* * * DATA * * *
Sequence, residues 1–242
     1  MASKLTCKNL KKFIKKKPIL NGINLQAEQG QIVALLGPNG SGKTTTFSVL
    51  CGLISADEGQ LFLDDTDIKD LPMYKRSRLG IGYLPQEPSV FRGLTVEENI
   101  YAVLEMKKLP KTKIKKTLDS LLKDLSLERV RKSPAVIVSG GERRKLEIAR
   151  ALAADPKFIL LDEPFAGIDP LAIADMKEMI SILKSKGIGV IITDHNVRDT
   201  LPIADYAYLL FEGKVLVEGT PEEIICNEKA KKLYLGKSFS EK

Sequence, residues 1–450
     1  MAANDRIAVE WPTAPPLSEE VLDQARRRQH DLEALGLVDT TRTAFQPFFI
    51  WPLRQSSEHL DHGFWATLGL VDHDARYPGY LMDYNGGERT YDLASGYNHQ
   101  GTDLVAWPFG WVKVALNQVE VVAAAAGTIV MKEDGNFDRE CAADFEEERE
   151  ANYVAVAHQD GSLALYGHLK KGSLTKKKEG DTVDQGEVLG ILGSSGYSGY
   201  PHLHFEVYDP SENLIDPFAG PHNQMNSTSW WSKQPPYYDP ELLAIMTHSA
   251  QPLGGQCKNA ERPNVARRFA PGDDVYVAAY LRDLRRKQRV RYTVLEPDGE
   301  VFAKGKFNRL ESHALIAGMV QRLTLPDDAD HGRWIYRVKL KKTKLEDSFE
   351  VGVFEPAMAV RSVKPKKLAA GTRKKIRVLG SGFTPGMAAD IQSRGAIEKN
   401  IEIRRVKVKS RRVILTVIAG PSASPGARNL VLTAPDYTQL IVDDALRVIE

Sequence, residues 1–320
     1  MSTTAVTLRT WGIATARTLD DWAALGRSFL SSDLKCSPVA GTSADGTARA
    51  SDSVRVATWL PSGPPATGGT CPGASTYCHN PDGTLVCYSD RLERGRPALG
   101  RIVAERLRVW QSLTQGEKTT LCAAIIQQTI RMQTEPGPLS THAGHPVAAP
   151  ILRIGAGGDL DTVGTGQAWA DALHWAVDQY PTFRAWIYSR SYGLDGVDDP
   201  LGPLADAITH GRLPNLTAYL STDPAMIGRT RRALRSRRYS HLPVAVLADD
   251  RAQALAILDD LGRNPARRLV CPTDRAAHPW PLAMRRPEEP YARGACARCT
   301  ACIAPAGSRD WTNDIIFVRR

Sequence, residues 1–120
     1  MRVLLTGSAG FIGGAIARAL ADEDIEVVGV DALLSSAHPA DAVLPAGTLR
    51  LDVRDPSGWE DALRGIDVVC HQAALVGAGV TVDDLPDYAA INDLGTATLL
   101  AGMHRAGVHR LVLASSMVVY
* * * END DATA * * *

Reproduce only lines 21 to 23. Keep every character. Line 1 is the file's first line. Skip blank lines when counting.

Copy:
   151  ILRIGAGGDL DTVGTGQAWA DALHWAVDQY PTFRAWIYSR SYGLDGVDDP
   201  LGPLADAITH GRLPNLTAYL STDPAMIGRT RRALRSRRYS HLPVAVLADD
   251  RAQALAILDD LGRNPARRLV CPTDRAAHPW PLAMRRPEEP YARGACARCT